SNELL: You heard him say it there twice, that he...

CHANG: (Laughter) Yeah.

SNELL: ...The president supports it. But that was yesterday morning. And conservative lawmakers and commentators spent most of the day trashing the bill for increasing spending and adding to the deficit.

CHANG: Well, it doesn't seem like the deficit was the part the president objected to, right?

SNELL: Right.

CHANG: He tweeted that the Democrats had abandoned the 800,000 young people here on DACA, the Deferred Action for Childhood Arrivals program. And he complained about a lack of full funding for a border wall. What happened to those two things with this bill?

SNELL: Well, those were both part of the negotiations. And you could certainly say that, you know, DACA was one of those things that got left out. Democrats were initially the ones who wanted that to be put in the spending bill. In fact, they shut down the government over it. But they were just never able to reach an agreement. Folks I talked to on the Hill say the White House changed their demands a few times during the negotiations, and ultimately they just couldn't get a deal. Now you got some people saying it would be best to unlink the border wall and DACA, kind of bring down the temperature and make this a less heated political fight. But other people say it's simply impossible to do one without the other. And on the wall - there is wall money in there. Well, there's money for fencing and border security. And the speaker said that they did more than what the White House asked for.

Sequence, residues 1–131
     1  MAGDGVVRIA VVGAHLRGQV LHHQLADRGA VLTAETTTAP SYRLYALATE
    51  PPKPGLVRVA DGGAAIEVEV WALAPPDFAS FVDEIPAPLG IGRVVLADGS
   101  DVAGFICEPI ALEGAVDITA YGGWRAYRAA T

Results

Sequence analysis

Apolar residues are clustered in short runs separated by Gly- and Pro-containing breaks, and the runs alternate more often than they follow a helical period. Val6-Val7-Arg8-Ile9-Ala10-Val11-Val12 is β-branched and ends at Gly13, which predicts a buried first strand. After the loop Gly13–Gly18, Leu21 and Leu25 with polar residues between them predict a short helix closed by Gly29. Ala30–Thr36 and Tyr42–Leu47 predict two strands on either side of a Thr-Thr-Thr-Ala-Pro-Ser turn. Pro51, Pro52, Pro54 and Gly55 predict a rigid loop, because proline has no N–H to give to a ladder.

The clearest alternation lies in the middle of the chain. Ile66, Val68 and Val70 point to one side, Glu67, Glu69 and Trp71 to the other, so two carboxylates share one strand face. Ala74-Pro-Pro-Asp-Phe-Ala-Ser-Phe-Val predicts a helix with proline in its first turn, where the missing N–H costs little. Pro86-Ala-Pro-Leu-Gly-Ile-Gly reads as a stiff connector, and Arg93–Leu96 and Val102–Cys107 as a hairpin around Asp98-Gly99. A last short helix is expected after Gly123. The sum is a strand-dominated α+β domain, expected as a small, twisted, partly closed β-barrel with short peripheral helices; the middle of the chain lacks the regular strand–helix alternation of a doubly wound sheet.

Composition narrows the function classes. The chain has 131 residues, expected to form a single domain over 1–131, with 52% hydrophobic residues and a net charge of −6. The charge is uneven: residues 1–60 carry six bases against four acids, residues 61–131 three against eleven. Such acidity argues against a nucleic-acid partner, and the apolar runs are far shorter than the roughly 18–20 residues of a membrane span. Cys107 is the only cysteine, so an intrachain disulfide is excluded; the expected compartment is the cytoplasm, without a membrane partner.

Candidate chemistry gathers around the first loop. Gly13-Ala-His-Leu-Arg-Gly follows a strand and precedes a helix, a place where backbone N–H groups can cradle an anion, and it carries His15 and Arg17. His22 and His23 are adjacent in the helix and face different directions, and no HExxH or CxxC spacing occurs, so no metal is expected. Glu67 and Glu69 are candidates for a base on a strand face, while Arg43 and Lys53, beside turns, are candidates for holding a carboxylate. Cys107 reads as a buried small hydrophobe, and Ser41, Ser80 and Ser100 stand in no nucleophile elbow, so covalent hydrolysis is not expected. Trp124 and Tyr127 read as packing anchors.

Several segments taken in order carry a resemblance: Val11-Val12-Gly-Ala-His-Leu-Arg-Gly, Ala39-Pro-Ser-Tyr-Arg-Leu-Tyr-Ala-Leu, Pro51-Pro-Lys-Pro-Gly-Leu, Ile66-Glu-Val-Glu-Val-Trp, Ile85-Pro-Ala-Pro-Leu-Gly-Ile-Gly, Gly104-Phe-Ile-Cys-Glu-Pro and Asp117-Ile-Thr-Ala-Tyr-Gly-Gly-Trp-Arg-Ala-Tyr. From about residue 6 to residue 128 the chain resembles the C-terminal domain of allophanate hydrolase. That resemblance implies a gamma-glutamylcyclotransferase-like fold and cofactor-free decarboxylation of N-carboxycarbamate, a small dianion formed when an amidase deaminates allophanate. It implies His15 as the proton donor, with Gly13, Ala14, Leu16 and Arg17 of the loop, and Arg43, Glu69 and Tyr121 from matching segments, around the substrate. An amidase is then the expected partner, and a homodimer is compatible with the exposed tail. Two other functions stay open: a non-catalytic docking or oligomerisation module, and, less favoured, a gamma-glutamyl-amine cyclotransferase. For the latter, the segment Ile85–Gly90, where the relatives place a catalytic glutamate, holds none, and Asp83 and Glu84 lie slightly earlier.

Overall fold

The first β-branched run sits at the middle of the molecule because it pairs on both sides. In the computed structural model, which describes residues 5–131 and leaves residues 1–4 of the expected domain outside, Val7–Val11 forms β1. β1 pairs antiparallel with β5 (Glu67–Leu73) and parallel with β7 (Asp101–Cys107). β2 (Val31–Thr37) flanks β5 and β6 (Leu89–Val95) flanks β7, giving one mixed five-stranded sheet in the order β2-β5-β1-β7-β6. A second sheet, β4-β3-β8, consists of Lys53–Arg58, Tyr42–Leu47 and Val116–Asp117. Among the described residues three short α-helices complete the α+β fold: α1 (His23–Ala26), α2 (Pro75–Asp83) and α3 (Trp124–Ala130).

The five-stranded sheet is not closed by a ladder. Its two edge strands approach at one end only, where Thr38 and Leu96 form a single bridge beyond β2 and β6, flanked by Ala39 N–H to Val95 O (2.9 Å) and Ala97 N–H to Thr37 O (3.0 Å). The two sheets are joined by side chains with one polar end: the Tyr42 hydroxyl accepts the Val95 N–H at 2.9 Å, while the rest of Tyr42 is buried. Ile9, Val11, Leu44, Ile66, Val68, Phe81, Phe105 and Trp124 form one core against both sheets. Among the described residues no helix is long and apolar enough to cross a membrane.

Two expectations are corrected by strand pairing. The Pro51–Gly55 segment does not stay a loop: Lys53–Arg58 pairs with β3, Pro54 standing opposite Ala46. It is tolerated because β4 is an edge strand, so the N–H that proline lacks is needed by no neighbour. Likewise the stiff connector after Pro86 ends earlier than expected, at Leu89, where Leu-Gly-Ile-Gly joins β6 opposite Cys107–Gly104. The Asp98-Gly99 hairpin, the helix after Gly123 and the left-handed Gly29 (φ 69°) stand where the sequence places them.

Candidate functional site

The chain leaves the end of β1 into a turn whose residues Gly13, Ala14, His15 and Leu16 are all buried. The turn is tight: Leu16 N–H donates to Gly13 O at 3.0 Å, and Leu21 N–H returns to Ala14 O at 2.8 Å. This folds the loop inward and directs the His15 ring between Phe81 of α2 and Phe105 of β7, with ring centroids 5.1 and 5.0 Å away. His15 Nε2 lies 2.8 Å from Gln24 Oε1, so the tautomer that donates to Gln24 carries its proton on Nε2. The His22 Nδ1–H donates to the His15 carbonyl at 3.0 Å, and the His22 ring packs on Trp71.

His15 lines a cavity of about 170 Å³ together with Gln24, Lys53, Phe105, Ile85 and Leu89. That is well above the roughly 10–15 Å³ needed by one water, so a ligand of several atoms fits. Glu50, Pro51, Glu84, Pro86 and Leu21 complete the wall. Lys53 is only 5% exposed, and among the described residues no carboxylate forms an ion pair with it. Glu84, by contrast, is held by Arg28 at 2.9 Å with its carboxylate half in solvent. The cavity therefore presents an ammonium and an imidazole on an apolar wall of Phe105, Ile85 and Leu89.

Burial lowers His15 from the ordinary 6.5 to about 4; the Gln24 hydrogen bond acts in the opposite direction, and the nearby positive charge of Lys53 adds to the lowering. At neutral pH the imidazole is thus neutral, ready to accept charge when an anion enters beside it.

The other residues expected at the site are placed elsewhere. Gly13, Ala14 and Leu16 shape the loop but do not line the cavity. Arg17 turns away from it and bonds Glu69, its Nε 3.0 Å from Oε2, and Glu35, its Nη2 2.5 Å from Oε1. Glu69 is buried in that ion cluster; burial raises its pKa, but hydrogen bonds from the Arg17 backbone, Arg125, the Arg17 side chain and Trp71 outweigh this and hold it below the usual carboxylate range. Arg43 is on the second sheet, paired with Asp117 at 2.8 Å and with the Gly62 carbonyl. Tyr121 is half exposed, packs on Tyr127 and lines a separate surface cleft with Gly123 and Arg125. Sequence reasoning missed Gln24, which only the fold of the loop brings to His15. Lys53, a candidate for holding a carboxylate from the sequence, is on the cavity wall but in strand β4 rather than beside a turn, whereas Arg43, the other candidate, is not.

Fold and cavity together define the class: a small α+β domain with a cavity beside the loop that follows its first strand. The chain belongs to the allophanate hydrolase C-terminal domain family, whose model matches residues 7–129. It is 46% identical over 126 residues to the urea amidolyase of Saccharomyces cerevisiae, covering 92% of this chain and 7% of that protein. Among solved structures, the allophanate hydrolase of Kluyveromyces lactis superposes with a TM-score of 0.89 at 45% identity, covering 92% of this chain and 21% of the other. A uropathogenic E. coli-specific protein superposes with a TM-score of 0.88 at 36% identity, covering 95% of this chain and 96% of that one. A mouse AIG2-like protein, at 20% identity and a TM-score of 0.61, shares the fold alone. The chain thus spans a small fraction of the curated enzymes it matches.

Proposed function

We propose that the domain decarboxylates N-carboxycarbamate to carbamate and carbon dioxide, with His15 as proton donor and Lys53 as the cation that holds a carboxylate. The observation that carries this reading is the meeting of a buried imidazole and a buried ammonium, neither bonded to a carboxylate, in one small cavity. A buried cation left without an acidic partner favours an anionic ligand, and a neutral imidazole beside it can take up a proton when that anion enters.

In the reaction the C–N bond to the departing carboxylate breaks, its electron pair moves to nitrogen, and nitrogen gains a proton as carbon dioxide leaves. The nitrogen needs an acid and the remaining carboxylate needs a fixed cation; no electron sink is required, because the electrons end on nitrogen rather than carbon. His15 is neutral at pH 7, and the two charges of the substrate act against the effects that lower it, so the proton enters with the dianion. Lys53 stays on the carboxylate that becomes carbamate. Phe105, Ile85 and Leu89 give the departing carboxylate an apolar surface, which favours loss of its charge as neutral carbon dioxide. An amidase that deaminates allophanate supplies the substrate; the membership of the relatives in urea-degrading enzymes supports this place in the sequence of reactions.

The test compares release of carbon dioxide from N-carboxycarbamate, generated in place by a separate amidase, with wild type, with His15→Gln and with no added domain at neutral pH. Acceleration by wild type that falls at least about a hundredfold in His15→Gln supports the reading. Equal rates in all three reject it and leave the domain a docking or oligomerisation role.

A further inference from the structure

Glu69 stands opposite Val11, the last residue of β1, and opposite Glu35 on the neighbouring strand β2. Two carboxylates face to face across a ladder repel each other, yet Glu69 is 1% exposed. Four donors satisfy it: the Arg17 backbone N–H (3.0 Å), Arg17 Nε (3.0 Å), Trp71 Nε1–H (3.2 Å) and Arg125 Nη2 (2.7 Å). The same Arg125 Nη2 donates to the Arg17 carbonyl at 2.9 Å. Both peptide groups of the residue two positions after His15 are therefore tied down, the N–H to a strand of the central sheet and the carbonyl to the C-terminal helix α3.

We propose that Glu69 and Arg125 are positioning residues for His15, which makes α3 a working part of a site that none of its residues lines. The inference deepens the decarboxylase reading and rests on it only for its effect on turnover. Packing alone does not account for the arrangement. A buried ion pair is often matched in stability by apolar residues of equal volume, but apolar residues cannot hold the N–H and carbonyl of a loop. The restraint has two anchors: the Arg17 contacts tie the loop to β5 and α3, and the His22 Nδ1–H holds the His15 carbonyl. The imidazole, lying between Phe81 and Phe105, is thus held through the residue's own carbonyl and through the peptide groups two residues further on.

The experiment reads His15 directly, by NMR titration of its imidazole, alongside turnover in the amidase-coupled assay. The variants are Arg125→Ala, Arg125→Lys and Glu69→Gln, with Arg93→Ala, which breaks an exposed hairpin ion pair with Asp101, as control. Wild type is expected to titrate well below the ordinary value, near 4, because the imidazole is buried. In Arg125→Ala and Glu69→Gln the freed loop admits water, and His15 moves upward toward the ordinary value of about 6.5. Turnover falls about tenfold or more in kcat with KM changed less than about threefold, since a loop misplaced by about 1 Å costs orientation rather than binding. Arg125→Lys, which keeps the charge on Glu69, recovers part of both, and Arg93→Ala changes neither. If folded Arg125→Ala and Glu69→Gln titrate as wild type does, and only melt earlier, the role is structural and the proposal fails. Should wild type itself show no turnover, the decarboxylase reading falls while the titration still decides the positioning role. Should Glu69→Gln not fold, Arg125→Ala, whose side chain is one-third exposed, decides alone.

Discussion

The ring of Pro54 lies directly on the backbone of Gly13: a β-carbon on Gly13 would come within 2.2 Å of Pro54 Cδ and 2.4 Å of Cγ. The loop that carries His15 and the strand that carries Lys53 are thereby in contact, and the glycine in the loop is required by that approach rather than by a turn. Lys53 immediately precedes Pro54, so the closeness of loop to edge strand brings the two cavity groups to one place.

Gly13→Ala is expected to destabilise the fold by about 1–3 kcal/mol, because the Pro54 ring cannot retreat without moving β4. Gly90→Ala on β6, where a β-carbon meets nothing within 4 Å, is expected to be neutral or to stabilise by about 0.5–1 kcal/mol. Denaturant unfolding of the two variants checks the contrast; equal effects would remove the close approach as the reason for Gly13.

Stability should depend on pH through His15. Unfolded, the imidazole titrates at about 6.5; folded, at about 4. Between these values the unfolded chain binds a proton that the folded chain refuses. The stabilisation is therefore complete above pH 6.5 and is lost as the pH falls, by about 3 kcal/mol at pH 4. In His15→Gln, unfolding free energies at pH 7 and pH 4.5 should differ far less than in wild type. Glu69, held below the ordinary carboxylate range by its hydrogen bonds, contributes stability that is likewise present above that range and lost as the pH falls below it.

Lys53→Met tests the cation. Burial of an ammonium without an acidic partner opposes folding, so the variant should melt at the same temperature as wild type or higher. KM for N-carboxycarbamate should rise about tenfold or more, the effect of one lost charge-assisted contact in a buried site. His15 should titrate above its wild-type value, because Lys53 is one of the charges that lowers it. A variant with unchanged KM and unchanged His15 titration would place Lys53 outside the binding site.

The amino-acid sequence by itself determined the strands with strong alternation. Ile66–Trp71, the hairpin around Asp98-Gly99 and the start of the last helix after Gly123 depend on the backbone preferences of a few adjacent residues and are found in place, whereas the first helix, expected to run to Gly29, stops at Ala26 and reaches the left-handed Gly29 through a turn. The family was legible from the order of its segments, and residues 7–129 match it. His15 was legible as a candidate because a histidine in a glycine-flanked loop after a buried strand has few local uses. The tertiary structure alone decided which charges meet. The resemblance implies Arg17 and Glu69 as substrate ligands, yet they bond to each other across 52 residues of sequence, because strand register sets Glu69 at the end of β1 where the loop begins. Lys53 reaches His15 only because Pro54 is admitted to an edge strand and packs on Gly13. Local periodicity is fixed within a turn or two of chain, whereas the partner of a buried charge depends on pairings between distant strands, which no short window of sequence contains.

CHANG: So now the president is calling on Congress to give him a line-item veto in the future so he can strike out individual parts of future spending bills. And he said he wants to get rid of the filibuster in the Senate so Republicans can pass bills with 50 votes instead of 60, basically so they wouldn't need the Democrats at all. I'm just going to take a guess. Any chance Congress would do either of those things, Kelsey?

SNELL: As of right now both seem really unlikely. Courts have ruled line-item vetoes like that unconstitutional, but that hasn't stopped previous presidents, including George W. Bush and President Obama, from looking into it. In terms of the filibuster, it's - even Senate Majority Leader Mitch McConnell says it's an important way to make sure that the minority party has rights. And he doesn't want to get rid of it.

CHANG: All right, that's NPR's Kelsey Snell at the Capitol. Thanks.

SNELL: Thank you. Transcript provided by NPR, Copyright NPR.

Kelsey Snell is a Congressional correspondent for NPR. She has covered Congress since 2010 for outlets including The Washington Post, Politico and National Journal. She has covered elections and Congress with a reporting specialty in budget, tax and economic policy. She has a graduate degree in journalism from the Medill School of Journalism at Northwestern University in Evanston, Ill. and an undergraduate degree in political science from DePaul University in Chicago.